Jason Pettus’s review published on Letterboxd :
2017 movie viewings, #60. I'm in the middle of a giant Tennessee Williams kick for the very first time these days, after coincidentally picking two of his films for a recent scavenger hunt (Cat on a Hot Tin Roof and Night of the Iguana) and loving both of them much more than I was expecting to. It's arguable which is his most famous script, because he's got a bunch of them that have been huge hits, but Streetcar certainly is in the running, not least because of the now-famous musical parody of it that The Simpsons did during its formative years. And indeed, this has every Tennessee Williams Cliche™ that the playwright ever got famous for, the things that made him such a controversial yet adored artist in the Mid-Century Modernist era, but the same things that made him a tired has-been in the eyes of Postmodernist fans by the time the 1970s rolled around: a mentally unstable delicate Southern flower (the infamous Blanche DuBois); a formerly lucrative Mississippi antebellum plantation that's gone belly-up in the 20th century (the event that's forced Blanche to go live with her sister in New Orleans, Stella); a rough-and-tumble alcoholic (Stella's husband, the equally infamous Stanley Kowalski, the part that made Marlon Brando a star and Method Acting a household term); a gradually building conflict within the too-tight confines of a stage-friendly closed residence (literally at the New Orleans street address of 722 Toulouse, which I'll be visiting next month); and eventually an actor-delight confrontation in the middle of a thunderstorm, in which dark secrets are revealed and an emotionally cathartic conclusion reached.
I mean, yes, what I just described is a virtual blueprint for 90 percent of Williams' scripts, the very thing that made him ridiculed by countercultural audiences after thirty years of cranking out sometimes nearly identical stories ("In my new plah, tha sistah's a drunk, tha brutha's ah henpecked homosexulah, and theyah mutha is an overbearahn wilted Southern belle." "TENNESSEE, YOU'VE DONE IT AGAIN!"); but that doesn't stop any of these nearly identical stories from being tremendously entertaining, thought-provoking, and chock-full of dream roles for emoting actors belting it out to the back of the room, especially in this case with all the reveals in the third act about how very, very much more insane Blanche actually is than we realize during the first half of the movie (which, here during the original play's 70th anniversary this year, is no longer exactly a spoiler). It's easy to see with a movie like this why audiences fell all over themselves for Williams' work in the 1940s and '50s, but had largely grown tired of him by the late '60s and '70s, because he was quite literally a victim of his own success -- daring and groundbreaking work when it first came out, subject to censorship and boycotts (but more on this when I review Baby Doll next week), it literally trained audiences in the last decades of Modernism to accept challenging work and demand even more, which is what led us to Postmodernism in the first place but unfortunately is why audiences had to reject this older stuff to get there.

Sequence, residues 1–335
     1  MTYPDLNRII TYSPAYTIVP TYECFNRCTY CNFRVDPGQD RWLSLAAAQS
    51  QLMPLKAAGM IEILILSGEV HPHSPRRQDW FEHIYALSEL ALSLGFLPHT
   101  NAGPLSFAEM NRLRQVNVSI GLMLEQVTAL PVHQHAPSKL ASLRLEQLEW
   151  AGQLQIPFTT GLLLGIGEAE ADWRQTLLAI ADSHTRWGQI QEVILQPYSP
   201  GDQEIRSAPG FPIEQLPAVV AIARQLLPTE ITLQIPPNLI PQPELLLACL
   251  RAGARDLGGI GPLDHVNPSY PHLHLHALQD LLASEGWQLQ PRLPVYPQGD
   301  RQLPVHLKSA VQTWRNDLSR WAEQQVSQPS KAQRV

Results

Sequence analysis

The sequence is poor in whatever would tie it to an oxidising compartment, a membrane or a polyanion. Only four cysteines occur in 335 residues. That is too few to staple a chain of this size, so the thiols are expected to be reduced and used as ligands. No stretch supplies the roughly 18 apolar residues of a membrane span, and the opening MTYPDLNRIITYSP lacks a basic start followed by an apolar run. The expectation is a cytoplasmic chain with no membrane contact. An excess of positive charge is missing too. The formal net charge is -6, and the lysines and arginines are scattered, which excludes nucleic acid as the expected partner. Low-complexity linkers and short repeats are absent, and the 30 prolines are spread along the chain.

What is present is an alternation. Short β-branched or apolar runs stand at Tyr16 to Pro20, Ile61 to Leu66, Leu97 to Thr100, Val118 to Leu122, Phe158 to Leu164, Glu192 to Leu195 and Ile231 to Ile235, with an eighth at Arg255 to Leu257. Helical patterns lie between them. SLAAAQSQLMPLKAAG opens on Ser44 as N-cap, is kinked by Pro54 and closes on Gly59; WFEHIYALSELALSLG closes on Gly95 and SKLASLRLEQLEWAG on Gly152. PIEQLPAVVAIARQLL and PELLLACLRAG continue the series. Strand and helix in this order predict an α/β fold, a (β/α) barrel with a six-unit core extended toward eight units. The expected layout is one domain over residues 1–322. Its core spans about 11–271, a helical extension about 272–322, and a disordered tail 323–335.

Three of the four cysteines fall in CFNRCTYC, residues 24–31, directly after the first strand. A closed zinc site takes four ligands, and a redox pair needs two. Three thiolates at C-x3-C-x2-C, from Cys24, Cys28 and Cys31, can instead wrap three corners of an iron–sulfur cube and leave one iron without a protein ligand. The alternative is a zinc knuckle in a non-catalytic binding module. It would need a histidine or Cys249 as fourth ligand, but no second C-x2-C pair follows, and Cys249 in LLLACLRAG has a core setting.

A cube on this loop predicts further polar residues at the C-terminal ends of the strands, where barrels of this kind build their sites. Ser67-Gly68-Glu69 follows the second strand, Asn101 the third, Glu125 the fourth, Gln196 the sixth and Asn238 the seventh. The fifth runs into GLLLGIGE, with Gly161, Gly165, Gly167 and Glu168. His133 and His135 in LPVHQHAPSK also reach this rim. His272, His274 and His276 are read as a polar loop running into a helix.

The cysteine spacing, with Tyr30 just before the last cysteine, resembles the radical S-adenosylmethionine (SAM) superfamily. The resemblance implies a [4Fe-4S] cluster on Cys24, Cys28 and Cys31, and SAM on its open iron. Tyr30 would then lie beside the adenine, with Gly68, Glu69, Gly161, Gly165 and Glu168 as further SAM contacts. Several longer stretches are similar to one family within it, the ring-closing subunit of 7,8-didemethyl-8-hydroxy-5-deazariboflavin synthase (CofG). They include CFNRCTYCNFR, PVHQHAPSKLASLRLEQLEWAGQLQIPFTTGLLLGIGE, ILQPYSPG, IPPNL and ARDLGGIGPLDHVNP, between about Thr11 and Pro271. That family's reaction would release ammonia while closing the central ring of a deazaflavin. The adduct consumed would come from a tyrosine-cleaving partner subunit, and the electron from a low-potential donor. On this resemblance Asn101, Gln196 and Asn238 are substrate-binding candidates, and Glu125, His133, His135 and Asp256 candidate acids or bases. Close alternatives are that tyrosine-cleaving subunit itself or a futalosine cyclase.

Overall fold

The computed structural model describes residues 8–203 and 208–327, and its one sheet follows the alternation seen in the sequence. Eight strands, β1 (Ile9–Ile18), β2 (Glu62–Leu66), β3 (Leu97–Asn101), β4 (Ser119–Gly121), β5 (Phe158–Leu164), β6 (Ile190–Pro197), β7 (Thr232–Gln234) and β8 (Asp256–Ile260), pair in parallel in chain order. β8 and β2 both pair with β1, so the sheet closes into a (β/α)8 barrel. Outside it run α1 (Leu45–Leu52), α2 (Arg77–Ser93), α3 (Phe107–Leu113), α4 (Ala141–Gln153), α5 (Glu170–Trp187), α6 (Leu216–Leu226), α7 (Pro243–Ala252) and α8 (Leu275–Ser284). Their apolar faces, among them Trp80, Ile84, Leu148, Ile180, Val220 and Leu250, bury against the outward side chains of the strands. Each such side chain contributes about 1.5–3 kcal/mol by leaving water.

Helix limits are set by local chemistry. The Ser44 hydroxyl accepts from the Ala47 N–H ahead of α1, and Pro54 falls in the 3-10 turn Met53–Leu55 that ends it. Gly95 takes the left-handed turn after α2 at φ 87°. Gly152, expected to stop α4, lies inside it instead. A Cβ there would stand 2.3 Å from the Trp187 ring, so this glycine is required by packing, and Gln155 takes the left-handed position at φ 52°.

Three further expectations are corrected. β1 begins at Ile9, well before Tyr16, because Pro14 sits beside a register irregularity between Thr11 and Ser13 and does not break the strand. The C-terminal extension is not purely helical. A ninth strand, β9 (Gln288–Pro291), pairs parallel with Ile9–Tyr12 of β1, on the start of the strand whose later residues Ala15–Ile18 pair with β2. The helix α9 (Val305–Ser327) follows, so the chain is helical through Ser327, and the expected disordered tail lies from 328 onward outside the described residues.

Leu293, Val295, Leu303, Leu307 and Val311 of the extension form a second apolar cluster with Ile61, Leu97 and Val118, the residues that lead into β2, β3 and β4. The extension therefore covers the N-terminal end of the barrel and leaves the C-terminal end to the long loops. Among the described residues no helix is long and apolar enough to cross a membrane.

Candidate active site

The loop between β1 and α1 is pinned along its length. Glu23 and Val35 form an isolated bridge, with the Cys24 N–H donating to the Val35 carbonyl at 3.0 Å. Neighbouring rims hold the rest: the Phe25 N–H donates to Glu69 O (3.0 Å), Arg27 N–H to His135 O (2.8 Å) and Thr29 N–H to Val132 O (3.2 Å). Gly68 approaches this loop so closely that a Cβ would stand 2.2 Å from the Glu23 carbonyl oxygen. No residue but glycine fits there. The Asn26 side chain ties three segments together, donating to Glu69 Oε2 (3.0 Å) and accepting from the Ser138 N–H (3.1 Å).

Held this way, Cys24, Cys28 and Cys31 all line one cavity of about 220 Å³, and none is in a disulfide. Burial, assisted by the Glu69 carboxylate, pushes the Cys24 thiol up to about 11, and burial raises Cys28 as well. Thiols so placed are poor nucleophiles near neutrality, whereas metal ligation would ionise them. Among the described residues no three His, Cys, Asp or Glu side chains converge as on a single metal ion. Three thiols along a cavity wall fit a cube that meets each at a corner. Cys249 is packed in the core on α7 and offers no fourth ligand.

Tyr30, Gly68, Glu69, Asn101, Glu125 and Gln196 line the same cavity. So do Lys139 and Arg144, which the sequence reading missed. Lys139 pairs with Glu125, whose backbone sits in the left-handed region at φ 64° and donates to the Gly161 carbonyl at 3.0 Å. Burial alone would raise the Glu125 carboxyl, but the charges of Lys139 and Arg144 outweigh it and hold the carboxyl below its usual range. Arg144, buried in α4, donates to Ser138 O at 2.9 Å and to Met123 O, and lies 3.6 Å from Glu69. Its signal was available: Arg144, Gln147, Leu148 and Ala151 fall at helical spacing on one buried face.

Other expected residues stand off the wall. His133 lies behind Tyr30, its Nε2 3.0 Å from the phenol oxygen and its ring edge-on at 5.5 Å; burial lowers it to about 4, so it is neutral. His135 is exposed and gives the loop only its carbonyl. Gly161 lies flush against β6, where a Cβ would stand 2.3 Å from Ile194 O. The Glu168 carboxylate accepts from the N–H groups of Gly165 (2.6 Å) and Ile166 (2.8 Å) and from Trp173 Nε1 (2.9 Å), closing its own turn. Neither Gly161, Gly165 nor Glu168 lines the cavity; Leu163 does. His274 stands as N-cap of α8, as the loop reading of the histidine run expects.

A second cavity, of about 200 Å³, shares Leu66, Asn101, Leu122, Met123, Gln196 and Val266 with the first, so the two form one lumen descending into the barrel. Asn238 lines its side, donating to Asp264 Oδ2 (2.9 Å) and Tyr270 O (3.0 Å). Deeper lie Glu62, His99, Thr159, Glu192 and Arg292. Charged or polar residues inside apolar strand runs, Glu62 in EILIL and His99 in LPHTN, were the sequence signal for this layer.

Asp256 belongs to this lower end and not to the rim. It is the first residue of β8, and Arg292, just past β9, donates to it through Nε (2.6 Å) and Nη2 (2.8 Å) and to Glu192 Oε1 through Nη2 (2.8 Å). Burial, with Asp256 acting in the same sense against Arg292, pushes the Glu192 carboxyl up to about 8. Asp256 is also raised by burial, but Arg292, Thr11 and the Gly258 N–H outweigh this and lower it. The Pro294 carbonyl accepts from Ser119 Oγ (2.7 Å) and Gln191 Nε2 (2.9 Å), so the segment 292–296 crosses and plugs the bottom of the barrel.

Now that we're past Postmodernism as well, though, and both movements can be looked back at by us with a historical eye and no contemporary baggage, it's much easier now for us to rewatch old Williams work and enjoy it for what it is, even while understanding that Williams definitely had a formula and that he largely was unable to break out of that formula while he was alive, for better or for worse. What's inarguable is that that formula is amazing, so do yourself a favor and check out some of his work when you have a chance -- certainly with an open mind and a forgiving attitude (you'll need it for all the outrageously ridiculous accents on display), but also with excitement for some of the most astute and moving old-fashioned melodrama ever written in the 20th century.